Let’s stop calling Cuba unsafe
On January 18, 2018, Cuba was named “Safest Country for Tourism” at the 38th annual International Tourism Fair (FITUR), in Madrid, Spain. That’s no surprise to me. I’ve always considered Cuba to be the safest place in the Americas outside Canada, despite the almost laughable accusations of “sonic attacks” on U.S. diplomatic staff in Havana.
In October 15, 2017, the Trump administration recalled more than half the personnel at the U.S. Embassy in Havana, claiming that they had been deliberately “targeted” in “sonic attacks.” Twenty-four staffers (plus several Canadians) are reported to have suffered hearing and cognitive impairment and other issues while in Cuba between November 2016 and August 2017. The symptoms, we’re told, followed unexplained “high-pitched chirping” at diplomats’ homes and other locations in Havana, causing hard-line anti-Castroites such as Sen. Marco Rubio (R-FL) to accuse the Cuban government of perpetrating “attacks” with some sort of futuristic Minority Report-like sonic device. (The State Department has refused to release medical data or even name the diplomatic staff involved.)
Scientists pooh-poohed the idea, while top neurologists proclaimed the symptoms a classic case of psychogenic disorder. “From an objective point of view, it’s more like mass hysteria than anything else,” Mark Hallett, President of the International Federation of Neurophysiology, told The Guardian. “The notion of some sonic beam is relatively nonsensical.”
Nonetheless, the mainstream media couldn’t resist touting this prime-time headline story as if the purported attacks were real. The sense that Havana’s streets were patrolled by nefarious Men in Black mimes was echoed on September 29, 2017, when the State Department issued a travel warning deeming Cuba “unsafe.”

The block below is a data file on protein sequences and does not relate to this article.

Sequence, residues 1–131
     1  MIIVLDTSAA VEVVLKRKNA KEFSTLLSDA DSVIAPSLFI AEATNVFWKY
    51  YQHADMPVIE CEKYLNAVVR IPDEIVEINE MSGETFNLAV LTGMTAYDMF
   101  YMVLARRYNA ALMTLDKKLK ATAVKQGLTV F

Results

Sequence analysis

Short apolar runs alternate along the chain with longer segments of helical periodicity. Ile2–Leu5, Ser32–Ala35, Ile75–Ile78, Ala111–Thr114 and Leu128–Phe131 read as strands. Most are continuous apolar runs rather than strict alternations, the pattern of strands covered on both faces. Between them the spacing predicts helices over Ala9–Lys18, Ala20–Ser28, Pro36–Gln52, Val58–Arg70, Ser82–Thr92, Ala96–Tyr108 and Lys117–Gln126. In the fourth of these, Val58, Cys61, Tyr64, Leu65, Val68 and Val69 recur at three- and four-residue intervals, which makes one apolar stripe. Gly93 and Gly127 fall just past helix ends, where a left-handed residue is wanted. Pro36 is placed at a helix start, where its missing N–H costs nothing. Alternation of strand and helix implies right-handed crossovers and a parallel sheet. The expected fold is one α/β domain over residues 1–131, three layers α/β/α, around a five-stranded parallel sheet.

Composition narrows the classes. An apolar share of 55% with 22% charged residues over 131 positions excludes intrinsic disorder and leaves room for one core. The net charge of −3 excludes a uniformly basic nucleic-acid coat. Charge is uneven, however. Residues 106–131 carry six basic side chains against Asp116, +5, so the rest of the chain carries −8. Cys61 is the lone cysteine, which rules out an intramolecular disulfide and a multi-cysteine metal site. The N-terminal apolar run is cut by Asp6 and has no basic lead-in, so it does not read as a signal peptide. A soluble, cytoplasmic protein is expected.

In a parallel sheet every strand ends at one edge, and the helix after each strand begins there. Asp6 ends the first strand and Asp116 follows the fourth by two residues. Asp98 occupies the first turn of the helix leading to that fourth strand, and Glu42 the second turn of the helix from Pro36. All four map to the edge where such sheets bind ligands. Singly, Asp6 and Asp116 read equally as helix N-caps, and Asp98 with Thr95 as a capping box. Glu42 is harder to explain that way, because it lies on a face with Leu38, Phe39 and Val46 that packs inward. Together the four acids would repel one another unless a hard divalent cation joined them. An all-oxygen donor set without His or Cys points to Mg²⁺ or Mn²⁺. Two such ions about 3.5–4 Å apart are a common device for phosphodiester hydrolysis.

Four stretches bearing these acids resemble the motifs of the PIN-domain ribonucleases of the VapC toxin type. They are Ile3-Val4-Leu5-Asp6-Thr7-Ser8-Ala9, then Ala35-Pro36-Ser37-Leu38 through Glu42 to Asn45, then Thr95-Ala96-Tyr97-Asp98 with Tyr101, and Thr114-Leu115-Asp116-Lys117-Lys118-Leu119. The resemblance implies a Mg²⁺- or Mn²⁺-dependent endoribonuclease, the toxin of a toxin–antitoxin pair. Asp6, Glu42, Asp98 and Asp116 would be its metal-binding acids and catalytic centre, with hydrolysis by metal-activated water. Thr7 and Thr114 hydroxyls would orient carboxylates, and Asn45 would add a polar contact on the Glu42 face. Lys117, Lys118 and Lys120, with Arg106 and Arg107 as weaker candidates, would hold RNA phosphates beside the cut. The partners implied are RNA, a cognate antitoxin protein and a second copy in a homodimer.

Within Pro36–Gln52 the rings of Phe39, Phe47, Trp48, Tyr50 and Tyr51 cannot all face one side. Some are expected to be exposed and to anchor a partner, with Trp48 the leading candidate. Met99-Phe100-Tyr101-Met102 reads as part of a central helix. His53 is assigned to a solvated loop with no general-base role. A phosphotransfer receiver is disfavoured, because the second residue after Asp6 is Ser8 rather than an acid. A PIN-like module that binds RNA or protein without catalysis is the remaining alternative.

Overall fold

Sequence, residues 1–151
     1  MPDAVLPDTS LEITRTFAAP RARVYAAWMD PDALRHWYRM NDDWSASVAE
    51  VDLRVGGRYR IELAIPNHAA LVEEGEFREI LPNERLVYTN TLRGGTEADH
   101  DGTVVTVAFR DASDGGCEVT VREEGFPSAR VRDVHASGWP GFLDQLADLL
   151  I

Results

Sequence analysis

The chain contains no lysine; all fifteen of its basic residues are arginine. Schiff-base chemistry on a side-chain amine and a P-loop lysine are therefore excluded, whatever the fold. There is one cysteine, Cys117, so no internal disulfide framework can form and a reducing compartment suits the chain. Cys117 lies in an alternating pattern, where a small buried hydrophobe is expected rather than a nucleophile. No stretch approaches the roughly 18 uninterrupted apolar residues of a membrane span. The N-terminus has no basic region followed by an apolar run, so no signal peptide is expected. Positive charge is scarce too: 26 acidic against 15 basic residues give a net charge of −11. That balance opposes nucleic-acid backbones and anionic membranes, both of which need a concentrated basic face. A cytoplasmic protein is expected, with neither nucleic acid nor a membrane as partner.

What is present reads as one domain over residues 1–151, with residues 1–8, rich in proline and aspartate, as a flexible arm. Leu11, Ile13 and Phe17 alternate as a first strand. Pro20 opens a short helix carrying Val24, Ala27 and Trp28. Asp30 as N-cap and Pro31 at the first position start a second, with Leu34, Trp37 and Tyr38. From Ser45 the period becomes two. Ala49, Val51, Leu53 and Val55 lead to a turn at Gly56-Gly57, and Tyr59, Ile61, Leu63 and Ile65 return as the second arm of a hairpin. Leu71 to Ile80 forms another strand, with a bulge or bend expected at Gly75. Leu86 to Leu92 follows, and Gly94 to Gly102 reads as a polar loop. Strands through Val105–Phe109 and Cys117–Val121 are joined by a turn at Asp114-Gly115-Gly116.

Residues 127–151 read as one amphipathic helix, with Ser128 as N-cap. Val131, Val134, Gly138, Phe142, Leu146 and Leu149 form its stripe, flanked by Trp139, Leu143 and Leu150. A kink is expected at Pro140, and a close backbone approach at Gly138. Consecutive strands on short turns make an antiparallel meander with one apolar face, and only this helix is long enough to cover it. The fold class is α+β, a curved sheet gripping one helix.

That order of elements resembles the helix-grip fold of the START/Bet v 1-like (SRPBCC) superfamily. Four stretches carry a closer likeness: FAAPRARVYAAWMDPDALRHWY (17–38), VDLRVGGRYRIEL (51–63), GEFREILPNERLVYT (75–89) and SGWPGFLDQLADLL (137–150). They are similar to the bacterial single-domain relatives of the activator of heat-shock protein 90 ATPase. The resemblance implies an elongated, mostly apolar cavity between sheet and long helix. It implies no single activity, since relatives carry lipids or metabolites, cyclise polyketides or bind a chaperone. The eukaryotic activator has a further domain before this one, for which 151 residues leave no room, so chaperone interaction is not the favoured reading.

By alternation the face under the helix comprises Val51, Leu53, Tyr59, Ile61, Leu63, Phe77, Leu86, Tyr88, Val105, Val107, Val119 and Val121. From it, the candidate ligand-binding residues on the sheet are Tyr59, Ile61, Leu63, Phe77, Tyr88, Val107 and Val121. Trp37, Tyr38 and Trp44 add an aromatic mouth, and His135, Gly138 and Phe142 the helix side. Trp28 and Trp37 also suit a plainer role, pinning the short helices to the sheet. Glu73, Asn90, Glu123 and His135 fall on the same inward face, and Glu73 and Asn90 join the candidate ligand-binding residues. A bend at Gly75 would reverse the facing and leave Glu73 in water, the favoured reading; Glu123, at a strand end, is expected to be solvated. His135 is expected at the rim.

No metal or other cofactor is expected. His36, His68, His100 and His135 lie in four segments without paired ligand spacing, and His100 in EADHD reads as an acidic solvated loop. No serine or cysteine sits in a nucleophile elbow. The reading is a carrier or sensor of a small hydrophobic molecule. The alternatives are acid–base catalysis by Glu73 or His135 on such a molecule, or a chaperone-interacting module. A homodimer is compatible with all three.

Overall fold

More than 615,000 U.S. travelers visited Cuba in 2017—a banner year as overall tourism to Cuba topped 4.5 million. A downtick in travel by U.S. citizens to Cuba was to be expected following President Trump’s announcement that individuals would no longer be permitted to travel solo under a ‘people-to-people’ license, effective November 8, 2017.
But the wide publicity given to accusations of sonic attacks, together with the State Department warning, have reduced U.S.-Cuba travel to a trickle. American travelers are running scared. Tour operators specializing in Cuba ‘people-to-people’ programs report that demand this winter is down about 80 percent. On January 15, I returned from leading a ‘people-to-people’ trip for National Geographic Expeditions, having witnessed first-hand that U.S. travelers in Cuba are now thin on the ground, while B&Bs and paladares (private restaurants) that last year were overflowing with American travelers are suddenly begging for business.
That’s a pity… not least because the notion of Cuba being unsafe is bogus.
Following months of investigation and four FBI trips to Havana, a report (January 4, 2018) from the bureau’s Operational Technology Division says the FBI probe has uncovered no evidence that sound waves could have damaged the Americans’ health, as the Trump administration has claimed.